# Analytic function with vanishing derivatives.

A function that is analytic in the whole plane and which vanishes along with all its derivatives at any one point in the plane is identical to $0$. Now consider a function $f(z)$, which is supposedly analytic everywhere such that $$\lim_{z\rightarrow\infty}f^{(n)}(z)=0$$ for $n=0, 1, 2...$ Is the conclusion that $f(z)$ is identical to $0$ the only possibility?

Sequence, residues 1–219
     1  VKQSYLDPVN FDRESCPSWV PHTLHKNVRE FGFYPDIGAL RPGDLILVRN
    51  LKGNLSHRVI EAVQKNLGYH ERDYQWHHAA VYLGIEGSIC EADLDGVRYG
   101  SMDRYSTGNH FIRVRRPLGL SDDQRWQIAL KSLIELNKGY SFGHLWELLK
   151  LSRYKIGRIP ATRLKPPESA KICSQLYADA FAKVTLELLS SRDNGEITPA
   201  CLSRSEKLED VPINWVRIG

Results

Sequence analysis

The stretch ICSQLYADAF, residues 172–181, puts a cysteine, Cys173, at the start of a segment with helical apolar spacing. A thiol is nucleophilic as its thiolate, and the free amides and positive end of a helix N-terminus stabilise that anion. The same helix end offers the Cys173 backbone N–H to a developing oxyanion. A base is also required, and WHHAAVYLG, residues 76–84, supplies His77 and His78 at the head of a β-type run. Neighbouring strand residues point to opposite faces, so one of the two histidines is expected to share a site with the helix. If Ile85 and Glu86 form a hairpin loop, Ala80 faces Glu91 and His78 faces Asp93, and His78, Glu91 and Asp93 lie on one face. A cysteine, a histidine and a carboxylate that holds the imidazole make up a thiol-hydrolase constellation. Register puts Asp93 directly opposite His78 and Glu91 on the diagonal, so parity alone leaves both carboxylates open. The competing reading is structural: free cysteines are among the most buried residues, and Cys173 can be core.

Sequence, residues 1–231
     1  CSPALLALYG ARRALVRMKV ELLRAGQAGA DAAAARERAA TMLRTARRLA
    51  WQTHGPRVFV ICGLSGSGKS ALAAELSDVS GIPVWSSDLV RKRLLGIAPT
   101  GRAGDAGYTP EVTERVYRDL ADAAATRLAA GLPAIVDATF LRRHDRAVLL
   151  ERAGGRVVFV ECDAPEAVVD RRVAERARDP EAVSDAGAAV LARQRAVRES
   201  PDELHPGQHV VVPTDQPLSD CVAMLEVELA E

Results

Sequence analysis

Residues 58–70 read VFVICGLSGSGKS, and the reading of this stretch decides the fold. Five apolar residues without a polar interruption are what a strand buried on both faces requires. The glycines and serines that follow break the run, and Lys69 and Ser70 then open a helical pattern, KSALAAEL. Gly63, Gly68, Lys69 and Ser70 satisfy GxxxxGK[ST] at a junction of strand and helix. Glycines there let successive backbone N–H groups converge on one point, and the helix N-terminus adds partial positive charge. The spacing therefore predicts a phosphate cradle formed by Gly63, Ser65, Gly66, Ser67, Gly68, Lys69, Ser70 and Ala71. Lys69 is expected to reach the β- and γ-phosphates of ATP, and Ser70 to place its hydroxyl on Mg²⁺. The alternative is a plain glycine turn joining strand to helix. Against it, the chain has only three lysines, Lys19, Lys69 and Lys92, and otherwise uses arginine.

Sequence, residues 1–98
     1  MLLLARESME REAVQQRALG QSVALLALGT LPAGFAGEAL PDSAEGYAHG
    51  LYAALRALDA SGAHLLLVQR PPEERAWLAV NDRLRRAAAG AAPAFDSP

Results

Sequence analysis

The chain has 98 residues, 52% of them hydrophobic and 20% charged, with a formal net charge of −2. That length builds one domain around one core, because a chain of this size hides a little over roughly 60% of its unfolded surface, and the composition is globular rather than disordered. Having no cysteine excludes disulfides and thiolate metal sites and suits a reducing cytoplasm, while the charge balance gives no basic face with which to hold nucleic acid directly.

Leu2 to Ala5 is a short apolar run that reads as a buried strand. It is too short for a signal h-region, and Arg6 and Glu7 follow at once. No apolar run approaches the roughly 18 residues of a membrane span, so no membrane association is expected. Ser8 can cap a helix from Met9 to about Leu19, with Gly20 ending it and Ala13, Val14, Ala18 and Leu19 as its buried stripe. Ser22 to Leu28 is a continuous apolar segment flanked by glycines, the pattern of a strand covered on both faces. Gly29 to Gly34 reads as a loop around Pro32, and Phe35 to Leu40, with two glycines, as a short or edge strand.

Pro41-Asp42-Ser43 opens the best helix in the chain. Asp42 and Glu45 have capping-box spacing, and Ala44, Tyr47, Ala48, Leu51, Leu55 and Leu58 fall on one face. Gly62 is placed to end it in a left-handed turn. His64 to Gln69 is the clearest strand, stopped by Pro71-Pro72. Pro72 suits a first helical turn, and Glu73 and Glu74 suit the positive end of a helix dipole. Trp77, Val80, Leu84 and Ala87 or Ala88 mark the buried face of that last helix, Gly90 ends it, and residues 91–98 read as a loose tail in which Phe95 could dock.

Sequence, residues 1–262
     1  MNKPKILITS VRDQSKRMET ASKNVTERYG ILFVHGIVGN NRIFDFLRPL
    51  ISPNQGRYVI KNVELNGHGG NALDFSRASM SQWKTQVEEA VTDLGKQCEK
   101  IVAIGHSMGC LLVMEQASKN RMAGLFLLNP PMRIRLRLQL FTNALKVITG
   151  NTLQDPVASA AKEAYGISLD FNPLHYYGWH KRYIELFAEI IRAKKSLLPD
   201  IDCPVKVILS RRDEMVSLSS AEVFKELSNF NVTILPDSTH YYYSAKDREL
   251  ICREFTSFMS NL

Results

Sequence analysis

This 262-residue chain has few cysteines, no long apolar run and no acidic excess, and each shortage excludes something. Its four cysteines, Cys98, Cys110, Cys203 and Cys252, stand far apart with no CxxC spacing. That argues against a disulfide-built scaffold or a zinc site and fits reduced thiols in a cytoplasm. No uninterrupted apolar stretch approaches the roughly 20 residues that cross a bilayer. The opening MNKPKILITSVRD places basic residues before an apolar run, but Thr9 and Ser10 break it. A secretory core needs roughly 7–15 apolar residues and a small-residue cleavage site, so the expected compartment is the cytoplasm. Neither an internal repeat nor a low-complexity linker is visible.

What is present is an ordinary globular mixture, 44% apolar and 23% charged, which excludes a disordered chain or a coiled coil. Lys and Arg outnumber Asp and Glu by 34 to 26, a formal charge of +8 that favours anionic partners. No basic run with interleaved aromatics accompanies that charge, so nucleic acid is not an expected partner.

Yes. $\lim_{z\rightarrow\infty}f(z)=0$ already implies that $f \equiv 0$.
• Yes, but the answer did remind me that $f$ would be bounded. – vnd Dec 20 '15 at 22:47
• @zhw.: But the conclusion $\lim_{z\rightarrow\infty}f(z)=0 \Longrightarrow f \equiv 0$ would also follow from the maximum principle, without using Liouville, doesn't it? – Martin R Dec 20 '15 at 23:03